By the time this black swan hit Teva, the most disparate hypotheses had arisen to solve this problem, many of them with disastrous outcomes for the company. The expense of resolving this litigation involving thousands and thousands of people was incalculable, and all this only destabilized the company even more. In late July of this year, however, a settlement was finally reached and Teva will have to shell out $4.20 billion plus $100 million for the tribes. This is certainly not a success for the company, but at least a situation that had lasted for years has been clarified. The debt payment will be made over 13 years, a large deferment that favors its payment.
Cash flow is the most important aspect, as a company that does not generate any is doomed to fail. Teva on this theme has set two main goals:
What will generate this growth, according to the company, will be five main aspects:
The last two aspects have already been covered within this article, so now I focus on the first three.
Teva is among the world's leading generic drug companies and sees this market segment as a reliable source of cash inflows.
Expectations of this market segment are not so rosy, but after all it already generates $300 billion a year. Over the next 10 years, $400 billion worth of drugs will go off-patent, and Teva has already implemented 1,100 projects to cover more than 80% of off-patent products.
In this area, it is important to monitor the situation regarding the antipsychotic drug RISPERDAL® marketed by Janssen Pharmaceuticals, a subsidiary of Johnson & Johnson (JNJ). That drug is intended to treat schizophrenia and in the full year 2021 generated revenues of $592 million. In July 2022, the FDA approved the first generic versions of this drug produced by Teva that will have the same contraindications as the branded drug.
During 2022, however, there was also another important development for the generic drug portfolio. On March 7, there was the launch of lenalidomide capsules, the first generic version of Revlimid®. That drug is intended to treat multiple myeloma, smoldering myeloma, and myelodysplastic syndromes. Revenues generated in 2021 by Revlimid® were $2.30 billion. In 2023 we will be able to better understand how successful these new launches have been.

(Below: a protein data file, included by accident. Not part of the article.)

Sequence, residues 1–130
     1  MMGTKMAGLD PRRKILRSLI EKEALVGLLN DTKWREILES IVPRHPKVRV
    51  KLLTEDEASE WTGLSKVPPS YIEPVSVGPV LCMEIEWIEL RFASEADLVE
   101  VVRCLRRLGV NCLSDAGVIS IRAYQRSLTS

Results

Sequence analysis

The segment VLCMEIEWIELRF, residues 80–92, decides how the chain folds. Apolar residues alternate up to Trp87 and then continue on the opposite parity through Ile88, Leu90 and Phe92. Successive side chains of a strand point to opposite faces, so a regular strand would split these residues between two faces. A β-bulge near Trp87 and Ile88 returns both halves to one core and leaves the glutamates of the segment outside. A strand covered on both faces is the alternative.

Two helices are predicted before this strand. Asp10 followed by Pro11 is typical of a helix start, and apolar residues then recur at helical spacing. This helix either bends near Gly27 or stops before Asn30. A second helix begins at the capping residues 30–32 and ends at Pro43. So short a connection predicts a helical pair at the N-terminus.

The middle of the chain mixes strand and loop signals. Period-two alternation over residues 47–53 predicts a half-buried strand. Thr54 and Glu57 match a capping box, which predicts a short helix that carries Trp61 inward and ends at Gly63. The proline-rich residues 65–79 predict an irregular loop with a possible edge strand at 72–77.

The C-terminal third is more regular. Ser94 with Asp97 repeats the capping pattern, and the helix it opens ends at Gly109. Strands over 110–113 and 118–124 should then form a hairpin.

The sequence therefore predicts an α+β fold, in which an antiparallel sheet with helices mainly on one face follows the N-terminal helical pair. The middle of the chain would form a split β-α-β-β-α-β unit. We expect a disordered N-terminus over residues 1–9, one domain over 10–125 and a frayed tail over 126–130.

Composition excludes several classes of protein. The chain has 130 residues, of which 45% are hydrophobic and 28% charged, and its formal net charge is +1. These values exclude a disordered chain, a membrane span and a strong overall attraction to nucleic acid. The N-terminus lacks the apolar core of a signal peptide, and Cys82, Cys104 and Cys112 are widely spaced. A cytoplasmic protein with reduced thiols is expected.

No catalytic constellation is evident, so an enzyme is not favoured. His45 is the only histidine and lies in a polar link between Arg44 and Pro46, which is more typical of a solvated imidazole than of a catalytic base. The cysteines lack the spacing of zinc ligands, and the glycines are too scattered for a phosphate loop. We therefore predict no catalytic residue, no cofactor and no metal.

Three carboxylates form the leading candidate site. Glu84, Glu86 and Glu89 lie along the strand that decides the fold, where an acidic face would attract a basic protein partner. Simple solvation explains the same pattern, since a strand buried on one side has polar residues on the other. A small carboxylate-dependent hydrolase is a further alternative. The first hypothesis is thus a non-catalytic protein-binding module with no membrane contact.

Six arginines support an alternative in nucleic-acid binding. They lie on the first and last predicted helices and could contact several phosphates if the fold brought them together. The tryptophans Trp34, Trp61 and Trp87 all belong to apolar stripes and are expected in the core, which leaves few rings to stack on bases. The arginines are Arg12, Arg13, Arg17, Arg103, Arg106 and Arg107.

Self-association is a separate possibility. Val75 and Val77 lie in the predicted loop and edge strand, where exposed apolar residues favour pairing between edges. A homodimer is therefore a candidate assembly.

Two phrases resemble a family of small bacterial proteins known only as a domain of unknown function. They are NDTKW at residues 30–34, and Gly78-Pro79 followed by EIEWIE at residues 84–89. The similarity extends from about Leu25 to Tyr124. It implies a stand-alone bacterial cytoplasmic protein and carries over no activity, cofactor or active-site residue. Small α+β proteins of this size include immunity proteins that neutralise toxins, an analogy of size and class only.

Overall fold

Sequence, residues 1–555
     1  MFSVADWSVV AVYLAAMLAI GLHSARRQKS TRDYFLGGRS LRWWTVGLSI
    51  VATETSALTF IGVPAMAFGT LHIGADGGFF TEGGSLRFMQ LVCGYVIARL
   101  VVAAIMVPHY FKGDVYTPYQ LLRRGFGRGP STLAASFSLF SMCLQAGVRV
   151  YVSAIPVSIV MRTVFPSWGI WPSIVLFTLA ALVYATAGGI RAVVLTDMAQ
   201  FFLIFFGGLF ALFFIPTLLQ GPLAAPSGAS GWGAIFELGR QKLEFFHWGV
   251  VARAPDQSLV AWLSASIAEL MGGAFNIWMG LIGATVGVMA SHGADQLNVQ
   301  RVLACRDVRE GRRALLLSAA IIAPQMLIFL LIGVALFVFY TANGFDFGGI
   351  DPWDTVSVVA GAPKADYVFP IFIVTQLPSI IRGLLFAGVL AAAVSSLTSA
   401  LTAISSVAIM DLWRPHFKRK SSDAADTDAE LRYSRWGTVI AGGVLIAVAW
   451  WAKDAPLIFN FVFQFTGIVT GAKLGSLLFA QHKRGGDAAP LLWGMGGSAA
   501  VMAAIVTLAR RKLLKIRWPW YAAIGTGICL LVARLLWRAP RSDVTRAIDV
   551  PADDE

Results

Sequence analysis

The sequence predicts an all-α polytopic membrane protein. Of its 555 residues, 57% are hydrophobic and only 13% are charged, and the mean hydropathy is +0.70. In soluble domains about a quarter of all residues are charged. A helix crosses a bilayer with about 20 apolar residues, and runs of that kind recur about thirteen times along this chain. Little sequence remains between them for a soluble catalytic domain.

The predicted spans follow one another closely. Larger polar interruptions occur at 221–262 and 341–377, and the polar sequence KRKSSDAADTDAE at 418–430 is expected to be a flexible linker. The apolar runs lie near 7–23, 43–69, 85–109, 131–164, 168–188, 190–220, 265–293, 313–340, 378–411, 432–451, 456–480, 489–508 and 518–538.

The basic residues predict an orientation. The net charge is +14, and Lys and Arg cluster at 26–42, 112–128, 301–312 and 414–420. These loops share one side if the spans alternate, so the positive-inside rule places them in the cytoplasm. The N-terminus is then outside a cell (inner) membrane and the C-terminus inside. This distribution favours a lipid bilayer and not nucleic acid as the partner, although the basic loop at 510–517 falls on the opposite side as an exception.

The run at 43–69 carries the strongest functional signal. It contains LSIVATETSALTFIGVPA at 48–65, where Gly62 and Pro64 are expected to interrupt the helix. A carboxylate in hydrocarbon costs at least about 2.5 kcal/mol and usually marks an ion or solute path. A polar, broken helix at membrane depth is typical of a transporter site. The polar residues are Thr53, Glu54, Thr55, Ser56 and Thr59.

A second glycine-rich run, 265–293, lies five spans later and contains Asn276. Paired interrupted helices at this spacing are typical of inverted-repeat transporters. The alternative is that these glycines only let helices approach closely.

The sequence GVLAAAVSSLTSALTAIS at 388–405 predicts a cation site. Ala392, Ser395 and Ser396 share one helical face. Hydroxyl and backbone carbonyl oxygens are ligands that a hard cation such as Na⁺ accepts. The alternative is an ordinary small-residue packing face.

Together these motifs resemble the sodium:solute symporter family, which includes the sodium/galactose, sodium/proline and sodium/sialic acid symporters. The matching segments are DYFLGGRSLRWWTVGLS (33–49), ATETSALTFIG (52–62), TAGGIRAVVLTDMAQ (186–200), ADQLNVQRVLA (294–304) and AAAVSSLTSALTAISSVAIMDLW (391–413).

The biosimilars portfolio is probably the one with the highest prospects for improvement. The company is betting heavily on this market segment as it has very attractive potential growth: from 2022 to 2027, a CAGR of 16.80% is expected.
To date, Teva's portfolio is well positioned in this market having 16 biosimilars, but in this article I will discuss the most interesting ones from a future perspective.
The most important is definitely the biosimilar of Humira®, a drug produced by AbbVie (ABBV) that generated $20.7 billion in 2021. Competition related to biosimilars of this drug will be fierce in 2023, and companies competing include Teva in collaboration with Alvotech. According to Sven Dethlefs there will be two main phases involving the commercialization of the biosimilar, and Teva is in a better position than its competitors. Here is his comment:
Amgen comes in January with their biosimilar and then a whole range of other companies including us in July 2023. I believe the uptake will be largely defined by the contracting strategies of PBMs and our customers, how they think they would like to build the biosimilar market versus the offer that they get from AbbVie. And that will be a two-step approach, one that will happen in 2023, primarily in the summer of 2023, and then you will see a second phase in 2024 when the whole book of contracting will be opened again. I believe we are in a good position. We have the best product profile of all companies coming to the market in 2023, and we're already in discussions with all our customers about the access approach for next year.
Since Humira® is one of the top drugs in the world in terms of revenue generated, if the biosimilar produced by Teva were to be successful, it would result in a significant revenue improvement. We will have important news about this at the end of the year.